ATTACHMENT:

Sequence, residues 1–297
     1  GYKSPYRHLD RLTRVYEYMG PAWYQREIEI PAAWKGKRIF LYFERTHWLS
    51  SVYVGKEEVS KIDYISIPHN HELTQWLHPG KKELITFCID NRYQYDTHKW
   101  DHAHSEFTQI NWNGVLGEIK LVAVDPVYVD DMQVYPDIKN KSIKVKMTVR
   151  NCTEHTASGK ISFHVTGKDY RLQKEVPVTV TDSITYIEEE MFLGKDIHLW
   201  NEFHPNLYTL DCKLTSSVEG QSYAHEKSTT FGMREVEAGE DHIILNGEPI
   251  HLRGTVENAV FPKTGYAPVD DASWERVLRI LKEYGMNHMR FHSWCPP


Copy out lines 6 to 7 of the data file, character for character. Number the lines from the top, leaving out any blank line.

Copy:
   201  NEFHPNLYTL DCKLTSSVEG QSYAHEKSTT FGMREVEAGE DHIILNGEPI
   251  HLRGTVENAV FPKTGYAPVD DASWERVLRI LKEYGMNHMR FHSWCPP